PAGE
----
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Virtual Machine vs Physical machine

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Virtual Machine vs Physical machine

Post Posted: Tue Feb 19, 2013 7:19 am

As part of my BSc final year project, I am investigation the integrity of web browser 'private browsing modes'.

For the investigation i need to create test Windows 7 environments as i was wondering whether or not i should create these in a virtual machine or an actual physical machine?

Its a bit of a struggle getting access to a suitable physical machine to perform such investigations on.
A virtual machine would be easier and I could easily replicate the virtual drive for other tests.

Is there anything i should consider when choosing between the two? Will using a virtual machine altered my investigation results in anyway?

Thank you for taking your time reading this post,
Dan  

iDan
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Re: Virtual Machine vs Physical machine

Post Posted: Tue Feb 19, 2013 8:55 am

- iDan
Will using a virtual machine altered my investigation results in anyway?


As you're a student, let's try it this way...what would physical hardware give you, with respect to the testing you want to conduct, that you would not get using VMs?  

keydet89
Senior Member
 
 
  

Re: Virtual Machine vs Physical machine

Post Posted: Tue Feb 19, 2013 7:08 pm

I might be missing something here, but to set up Win7 VM's you are going to need a Win7 install disc.

If you have a computer that was built in the last couple of years then you have suitable hardware already.

Install Win7 on your computer and begin work. No need to go the VM way unless you absolutely have to in my opinion.

VM will add a layer of complexity to the work and increase unknown variables. I know I'm going to get shouted down here by guys who have a good understanding of VM's and how they operate and that's fine. But one of my biggest issues with so many white papers and studies that they are done under 'lab conditions' with only a bare nod in the direction of reality.

Install Win7 on a computer and do the testing that way. Results will be more accurate and simpler to obtain. More importantly they will be easier to duplicate, which if memory serves is pretty important.  

Adam10541
Senior Member
 
 
  

Re: Virtual Machine vs Physical machine

Post Posted: Tue Feb 19, 2013 8:47 pm

- Adam10541
I might be missing something here, but to set up Win7 VM's you are going to need a Win7 install disc.

If you have a computer that was built in the last couple of years then you have suitable hardware already.

Install Win7 on your computer and begin work. No need to go the VM way unless you absolutely have to in my opinion.

VM will add a layer of complexity to the work and increase unknown variables. I know I'm going to get shouted down here by guys who have a good understanding of VM's and how they operate and that's fine. But one of my biggest issues with so many white papers and studies that they are done under 'lab conditions' with only a bare nod in the direction of reality.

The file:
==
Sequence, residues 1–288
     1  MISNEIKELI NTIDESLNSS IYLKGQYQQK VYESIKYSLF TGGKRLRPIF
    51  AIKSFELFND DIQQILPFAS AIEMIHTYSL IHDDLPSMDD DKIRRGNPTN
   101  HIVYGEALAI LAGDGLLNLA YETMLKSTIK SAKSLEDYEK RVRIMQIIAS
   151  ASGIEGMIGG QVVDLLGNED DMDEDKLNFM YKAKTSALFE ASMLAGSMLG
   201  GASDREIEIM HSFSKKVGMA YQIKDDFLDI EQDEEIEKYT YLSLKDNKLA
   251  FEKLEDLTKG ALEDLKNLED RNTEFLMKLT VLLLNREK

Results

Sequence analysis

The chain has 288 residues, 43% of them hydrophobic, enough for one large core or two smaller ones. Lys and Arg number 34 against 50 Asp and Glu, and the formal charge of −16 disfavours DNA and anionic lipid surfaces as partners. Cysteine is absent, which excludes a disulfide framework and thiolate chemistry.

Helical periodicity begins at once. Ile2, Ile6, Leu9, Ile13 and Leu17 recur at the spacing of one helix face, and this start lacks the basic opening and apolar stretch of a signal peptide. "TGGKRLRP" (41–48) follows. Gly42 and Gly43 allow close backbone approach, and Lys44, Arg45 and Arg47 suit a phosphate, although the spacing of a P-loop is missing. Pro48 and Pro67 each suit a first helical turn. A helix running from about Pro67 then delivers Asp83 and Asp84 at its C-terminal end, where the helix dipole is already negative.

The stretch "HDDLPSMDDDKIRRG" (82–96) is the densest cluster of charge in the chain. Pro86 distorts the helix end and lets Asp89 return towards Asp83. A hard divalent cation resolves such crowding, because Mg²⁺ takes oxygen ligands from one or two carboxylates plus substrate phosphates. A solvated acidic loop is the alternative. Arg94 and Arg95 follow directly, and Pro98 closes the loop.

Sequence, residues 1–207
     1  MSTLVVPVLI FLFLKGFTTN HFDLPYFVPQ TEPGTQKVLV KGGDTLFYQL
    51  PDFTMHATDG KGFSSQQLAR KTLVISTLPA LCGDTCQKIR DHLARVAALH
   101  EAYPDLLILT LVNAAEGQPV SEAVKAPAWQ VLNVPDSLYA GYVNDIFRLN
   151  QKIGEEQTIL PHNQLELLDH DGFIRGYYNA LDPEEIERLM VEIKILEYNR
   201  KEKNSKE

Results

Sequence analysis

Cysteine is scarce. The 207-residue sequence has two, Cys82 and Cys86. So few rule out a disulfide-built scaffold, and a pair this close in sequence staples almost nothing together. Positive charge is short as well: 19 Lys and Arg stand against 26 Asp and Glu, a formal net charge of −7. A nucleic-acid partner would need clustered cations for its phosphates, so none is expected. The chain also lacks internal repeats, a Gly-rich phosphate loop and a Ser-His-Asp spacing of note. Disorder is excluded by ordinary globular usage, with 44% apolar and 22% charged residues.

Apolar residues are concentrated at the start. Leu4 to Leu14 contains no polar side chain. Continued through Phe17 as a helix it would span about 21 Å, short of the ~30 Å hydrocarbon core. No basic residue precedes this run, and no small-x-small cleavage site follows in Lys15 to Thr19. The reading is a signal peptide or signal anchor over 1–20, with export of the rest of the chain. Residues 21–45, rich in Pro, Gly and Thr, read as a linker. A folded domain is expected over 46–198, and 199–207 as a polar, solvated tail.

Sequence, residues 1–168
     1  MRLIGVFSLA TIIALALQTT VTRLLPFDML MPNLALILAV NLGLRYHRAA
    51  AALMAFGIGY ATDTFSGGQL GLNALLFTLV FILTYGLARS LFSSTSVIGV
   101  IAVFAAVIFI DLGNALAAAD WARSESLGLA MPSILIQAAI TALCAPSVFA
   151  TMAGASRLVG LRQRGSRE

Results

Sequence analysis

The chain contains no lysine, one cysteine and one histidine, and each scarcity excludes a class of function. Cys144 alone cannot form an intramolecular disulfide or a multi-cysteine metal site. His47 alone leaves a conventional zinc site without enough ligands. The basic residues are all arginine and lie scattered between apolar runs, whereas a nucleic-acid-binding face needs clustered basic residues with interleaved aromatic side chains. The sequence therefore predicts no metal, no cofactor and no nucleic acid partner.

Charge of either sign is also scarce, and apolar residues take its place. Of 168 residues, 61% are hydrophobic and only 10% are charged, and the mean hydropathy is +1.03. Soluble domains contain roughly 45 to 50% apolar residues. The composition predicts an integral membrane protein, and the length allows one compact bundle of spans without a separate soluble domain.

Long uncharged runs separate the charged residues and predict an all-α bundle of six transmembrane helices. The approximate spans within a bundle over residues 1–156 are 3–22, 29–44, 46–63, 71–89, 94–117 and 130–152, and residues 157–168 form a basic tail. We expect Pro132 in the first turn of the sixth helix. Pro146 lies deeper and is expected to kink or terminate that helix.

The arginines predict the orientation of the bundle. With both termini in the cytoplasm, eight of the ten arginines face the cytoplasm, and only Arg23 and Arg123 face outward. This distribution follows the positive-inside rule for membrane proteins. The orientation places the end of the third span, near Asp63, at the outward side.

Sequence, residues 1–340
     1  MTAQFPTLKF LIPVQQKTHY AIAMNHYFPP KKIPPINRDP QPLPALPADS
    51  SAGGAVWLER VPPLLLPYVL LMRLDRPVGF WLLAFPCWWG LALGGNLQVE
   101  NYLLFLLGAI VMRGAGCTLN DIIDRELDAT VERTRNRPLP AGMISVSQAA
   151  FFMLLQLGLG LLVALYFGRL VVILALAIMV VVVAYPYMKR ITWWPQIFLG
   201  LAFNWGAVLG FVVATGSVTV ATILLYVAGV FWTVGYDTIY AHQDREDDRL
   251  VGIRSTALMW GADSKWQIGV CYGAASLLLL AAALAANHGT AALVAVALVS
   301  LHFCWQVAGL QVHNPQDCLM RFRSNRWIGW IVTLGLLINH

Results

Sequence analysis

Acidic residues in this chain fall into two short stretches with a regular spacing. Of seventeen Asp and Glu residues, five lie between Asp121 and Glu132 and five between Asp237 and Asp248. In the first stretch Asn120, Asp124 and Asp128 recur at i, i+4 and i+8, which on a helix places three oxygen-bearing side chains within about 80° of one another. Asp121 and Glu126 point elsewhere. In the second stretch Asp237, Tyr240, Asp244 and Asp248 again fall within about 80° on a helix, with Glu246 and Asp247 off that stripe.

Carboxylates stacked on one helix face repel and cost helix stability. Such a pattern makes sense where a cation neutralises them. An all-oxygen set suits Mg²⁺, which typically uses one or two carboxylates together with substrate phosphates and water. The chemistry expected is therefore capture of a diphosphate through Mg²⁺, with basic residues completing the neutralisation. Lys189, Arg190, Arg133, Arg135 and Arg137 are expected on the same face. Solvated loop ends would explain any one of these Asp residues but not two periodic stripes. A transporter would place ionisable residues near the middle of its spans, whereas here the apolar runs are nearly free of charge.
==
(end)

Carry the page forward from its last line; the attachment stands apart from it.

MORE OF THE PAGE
Install Win7 on a computer and do the testing that way. Results will be more accurate and simpler to obtain. More importantly they will be easier to duplicate, which if memory serves is pretty important.


it makes sense to use a clean install for different tests though. rather than doing the tests on the system you've been using, which may impact your results.

I like doing tests in VM initially, but sometimes using a restored disk or fresh image works better. I know someone thats just finished his phd and his testing was doing using an image that he reghosted before each test.

I wonder if you could try to get a copy of windows working as a sort of live cd using winPE

(It seems harlan wants you to come to your own conclusions about what doing it one way or the other would change, so i wont ruin the suprise)  

randomaccess
Senior Member
 
 
  

Re: Virtual Machine vs Physical machine

Post Posted: Wed Feb 20, 2013 3:06 am

Either physical or virtual should be OK in my opinion. Browser behavior should not change.

If you do physical, the you can image the entire hard drive before you start. Then re-image the hard drive to get a clean state. We do this all the time with Ghost when we need a clean physical machine for benchmarking the hardware.  

Passmark
Senior Member
 
 
  

Re: Virtual Machine vs Physical machine

Post Posted: Fri Mar 08, 2013 10:29 pm

I would prefer a physical machine because you are able to dedicate more resources to the processing of data instead of running the virtual machine that will limit the amount of RAM, processors and hard drive space for analyzing a disc image. If you don't have the money to dedicate an entire machine to forensics, then Virtual machine is the alternative. But I would still highly recommend a solid physical computer with good specs to be able to handle a lot of data processing and analysis.  

montgomeryj
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